The above link was to the film itself. If you just want to read about it rather than seeing it, here’s an article about the controversy surrounding it, and here’s the obligatory Wikipedia entry.
NM–my comments were about the film The Bridge, but choie beat me to it.
Stepping in front of high speed trains in Japan once became a popular and effective method of suicide, which was not practicable in the USA where few trains ran fast enough to do much harm to a person on the tracks. Such suicides invariably resulted in lengthy stoppages of the train, and consequent economic losses to the railroads, so they instituted a policy of holding the family of the suicide financially responsible for any costs incurred from the event. The had the desired result, as few suicides were willing to impose this financial burden on their families.
correction… “aren’t terribly capable of putting in a lot of effort and planning”
Paradoxically, people are more likely to be successful suicides as they come out of depression.
Ever wonder what’s the thing with all these ‘attempted’ suicides? Depressed people have trouble just coping, of course they have trouble trying to kill themselves.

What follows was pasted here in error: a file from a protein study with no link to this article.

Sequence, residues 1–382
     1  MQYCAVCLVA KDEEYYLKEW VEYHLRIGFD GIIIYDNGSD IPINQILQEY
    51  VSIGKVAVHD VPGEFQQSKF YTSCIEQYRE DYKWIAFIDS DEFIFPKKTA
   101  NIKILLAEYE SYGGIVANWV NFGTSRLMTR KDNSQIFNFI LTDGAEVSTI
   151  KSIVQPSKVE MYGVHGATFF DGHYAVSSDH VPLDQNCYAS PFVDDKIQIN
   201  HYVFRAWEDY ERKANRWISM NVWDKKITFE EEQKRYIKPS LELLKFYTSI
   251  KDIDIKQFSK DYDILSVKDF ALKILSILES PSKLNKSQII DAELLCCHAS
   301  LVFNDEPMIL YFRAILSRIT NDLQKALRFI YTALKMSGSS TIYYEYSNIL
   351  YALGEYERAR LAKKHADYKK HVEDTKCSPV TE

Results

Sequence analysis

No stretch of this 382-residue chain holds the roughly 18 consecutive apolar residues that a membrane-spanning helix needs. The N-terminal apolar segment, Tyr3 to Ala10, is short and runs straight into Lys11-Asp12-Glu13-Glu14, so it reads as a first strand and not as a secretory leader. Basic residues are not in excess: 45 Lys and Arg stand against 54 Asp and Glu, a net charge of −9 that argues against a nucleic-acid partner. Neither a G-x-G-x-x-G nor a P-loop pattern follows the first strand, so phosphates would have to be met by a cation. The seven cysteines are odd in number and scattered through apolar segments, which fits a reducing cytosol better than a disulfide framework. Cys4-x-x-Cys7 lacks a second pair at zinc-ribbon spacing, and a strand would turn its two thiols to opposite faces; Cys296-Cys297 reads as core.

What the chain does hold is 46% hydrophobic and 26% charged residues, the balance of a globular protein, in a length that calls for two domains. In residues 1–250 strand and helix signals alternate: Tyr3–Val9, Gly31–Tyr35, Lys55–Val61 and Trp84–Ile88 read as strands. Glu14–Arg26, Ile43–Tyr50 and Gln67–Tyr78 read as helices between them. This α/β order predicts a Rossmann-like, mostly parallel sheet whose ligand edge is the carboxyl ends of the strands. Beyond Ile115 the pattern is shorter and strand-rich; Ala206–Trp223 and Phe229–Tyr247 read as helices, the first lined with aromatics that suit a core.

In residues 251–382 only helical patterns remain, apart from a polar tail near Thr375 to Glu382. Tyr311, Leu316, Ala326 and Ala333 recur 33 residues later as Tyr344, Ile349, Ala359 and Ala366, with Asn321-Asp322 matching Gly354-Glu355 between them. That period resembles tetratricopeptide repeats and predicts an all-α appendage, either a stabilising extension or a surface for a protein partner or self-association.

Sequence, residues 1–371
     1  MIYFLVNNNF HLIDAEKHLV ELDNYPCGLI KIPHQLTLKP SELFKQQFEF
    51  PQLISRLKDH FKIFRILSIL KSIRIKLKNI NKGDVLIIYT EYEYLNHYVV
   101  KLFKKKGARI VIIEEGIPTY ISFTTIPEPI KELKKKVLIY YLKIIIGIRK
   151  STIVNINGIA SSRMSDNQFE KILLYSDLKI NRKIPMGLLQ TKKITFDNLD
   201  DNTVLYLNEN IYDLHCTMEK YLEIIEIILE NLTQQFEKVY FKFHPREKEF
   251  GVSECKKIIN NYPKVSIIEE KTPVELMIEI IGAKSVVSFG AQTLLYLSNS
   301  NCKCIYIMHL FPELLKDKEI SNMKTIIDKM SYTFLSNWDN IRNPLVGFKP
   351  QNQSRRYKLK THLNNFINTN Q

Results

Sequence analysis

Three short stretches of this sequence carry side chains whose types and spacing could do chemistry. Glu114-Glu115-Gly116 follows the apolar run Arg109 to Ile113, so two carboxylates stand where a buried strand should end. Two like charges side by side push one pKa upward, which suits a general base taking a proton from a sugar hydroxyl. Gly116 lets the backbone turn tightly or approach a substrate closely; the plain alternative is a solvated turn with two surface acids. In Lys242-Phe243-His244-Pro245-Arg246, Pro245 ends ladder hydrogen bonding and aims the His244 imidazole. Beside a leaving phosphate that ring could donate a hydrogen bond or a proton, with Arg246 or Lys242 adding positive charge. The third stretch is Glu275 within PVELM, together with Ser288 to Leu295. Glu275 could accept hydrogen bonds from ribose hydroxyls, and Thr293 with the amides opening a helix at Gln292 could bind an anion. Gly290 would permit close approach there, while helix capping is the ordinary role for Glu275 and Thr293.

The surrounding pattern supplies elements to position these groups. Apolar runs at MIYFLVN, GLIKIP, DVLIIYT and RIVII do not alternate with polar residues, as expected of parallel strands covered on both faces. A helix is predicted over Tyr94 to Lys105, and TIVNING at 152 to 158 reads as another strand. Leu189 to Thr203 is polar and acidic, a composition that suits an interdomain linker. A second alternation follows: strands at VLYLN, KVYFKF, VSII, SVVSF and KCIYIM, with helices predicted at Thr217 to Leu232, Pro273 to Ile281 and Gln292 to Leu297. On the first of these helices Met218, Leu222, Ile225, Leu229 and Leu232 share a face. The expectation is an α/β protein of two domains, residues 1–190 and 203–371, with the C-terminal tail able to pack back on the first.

And what’s the thing with people who call an ambulance after poisoning themself? Depression is marked by loss of judgement and even worse loss of sense of judgement: a person who can’t even work out which sock to put on first is not someone you want to depend on for life-or-death decisions.
Take away: More depressed people would kill themselves if it was easier or more obvious, but they are just too depressed.
I have to ask where this is true. I’ve got a 500 count bottle of acetaminophen by my desk, and it came in a two pack from Costco.
Wow. Good article. I had always heard that many jumpers drove over other bay bridges on their way to the Golden Gate, but I’d never realized how fixated they really were. Quote from the article:
It’s true in the UK, which is where Gyrate is based. Not sure why he confused things by mentioning Tylenol.
Probably trying to translate into American English, since we confuse things further by calling it acetaminophen instead of paracetamol.